by Sheila Wellehan

It’s disappearing
look fast while I still have it
while I still have the mark of God on me

right here in the middle of my left palm
I have a wound that looks
like it was made by a nail.

I slipped on muddy rocks
and cut my hand while wandering
blood gushed

it was two hours before the dirt came out
I pulled oars hard rowing home on the river
it would take forever for the gash to scab.

Three days later, despite my neglect and carelessness
despite never giving it proper protection or rest
my hand is healing

I lost the palm of Jesus
my stigmata’s fading
soon it will be completely gone.

God must have realized
he made a mistake with my stigmata
that he marked the wrong person with a holy holey hand

he steals it back every night while I’m sleeping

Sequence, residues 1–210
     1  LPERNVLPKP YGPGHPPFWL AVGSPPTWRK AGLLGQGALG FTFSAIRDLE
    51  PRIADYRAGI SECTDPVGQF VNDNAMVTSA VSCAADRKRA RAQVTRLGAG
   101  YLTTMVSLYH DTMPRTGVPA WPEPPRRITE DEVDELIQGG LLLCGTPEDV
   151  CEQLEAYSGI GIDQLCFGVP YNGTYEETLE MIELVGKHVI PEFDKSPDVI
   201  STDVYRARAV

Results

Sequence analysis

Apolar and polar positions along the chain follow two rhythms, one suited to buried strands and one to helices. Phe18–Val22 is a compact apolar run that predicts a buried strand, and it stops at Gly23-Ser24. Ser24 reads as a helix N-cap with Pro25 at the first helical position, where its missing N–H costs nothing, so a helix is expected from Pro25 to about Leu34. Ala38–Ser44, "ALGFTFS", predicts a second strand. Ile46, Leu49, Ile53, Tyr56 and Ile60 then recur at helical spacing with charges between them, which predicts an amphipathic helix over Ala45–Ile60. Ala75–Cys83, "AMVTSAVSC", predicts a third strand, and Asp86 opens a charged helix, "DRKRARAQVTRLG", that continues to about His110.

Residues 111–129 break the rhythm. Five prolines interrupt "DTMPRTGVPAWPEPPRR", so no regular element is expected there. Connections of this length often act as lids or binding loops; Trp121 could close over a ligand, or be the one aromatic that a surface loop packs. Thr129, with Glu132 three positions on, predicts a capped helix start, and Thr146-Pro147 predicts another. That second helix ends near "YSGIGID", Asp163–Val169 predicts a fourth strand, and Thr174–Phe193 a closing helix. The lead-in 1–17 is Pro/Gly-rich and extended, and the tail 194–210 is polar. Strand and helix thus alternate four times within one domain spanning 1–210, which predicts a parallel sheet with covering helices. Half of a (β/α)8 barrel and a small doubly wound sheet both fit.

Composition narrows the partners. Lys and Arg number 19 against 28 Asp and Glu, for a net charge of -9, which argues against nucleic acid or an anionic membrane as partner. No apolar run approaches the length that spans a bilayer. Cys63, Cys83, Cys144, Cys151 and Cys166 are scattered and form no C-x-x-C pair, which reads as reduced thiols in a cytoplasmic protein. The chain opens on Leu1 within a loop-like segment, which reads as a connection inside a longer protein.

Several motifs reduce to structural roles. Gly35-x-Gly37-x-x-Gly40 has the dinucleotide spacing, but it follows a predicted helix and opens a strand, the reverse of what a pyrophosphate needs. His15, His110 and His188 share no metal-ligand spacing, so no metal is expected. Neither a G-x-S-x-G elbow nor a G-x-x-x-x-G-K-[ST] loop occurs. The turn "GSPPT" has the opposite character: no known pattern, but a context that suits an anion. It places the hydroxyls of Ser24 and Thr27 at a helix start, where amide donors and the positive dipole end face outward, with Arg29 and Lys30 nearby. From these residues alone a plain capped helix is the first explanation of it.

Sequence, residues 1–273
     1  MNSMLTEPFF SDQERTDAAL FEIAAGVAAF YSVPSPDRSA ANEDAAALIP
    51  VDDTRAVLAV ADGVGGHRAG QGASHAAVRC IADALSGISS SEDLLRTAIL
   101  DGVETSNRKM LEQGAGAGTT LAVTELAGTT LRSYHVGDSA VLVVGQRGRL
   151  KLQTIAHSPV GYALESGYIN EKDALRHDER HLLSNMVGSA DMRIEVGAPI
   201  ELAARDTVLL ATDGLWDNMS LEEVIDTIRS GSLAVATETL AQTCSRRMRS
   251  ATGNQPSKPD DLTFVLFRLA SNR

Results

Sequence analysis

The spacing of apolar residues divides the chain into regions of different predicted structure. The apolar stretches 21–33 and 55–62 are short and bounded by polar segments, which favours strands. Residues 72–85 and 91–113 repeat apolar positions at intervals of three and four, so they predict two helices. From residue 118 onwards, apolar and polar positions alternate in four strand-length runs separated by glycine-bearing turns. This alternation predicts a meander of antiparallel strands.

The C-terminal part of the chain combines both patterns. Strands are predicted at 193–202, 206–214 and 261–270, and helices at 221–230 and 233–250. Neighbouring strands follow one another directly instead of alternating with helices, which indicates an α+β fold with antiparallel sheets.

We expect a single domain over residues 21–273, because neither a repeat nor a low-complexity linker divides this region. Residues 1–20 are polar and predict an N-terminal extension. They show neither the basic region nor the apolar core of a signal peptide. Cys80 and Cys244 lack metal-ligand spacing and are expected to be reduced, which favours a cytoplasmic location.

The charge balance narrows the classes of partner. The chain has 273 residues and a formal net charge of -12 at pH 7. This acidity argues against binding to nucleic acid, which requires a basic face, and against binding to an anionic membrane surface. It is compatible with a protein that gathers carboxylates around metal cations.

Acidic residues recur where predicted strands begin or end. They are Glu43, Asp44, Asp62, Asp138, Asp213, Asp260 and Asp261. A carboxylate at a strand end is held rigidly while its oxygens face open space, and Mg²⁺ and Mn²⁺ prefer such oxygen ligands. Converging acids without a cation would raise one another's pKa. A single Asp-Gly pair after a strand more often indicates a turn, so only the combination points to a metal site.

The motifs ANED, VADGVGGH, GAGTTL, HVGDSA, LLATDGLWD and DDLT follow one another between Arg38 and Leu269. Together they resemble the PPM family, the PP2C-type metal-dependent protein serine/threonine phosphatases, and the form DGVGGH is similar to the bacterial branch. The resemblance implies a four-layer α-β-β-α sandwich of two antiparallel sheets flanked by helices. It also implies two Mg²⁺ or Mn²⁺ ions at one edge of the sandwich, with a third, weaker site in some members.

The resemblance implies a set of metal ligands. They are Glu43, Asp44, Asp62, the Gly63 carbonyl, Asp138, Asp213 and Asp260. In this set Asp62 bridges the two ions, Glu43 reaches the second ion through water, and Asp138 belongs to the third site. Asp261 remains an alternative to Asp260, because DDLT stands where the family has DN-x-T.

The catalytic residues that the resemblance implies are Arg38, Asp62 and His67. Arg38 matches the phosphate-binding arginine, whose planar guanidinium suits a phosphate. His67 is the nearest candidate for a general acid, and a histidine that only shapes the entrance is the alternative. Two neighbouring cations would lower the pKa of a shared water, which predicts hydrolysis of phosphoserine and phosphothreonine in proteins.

it’s going to a good Christian
who deserves not to heal.

SHEILA WELLEHAN’s poetry is featured in Chiron Review, The Fourth River, Off the Coast, Poetry East, Tinderbox Poetry Journal, and elsewhere. She lives in Cape Elizabeth, Maine. Visit her online at

Photo: “Milkweed” by Dennis Behm

5 thoughts on “Stigmata”

  1. This is a beautifully crafted poem. You also convey the sense of unworthiness with delicate humour – understated, recognisable and effective. I’m full of admiration

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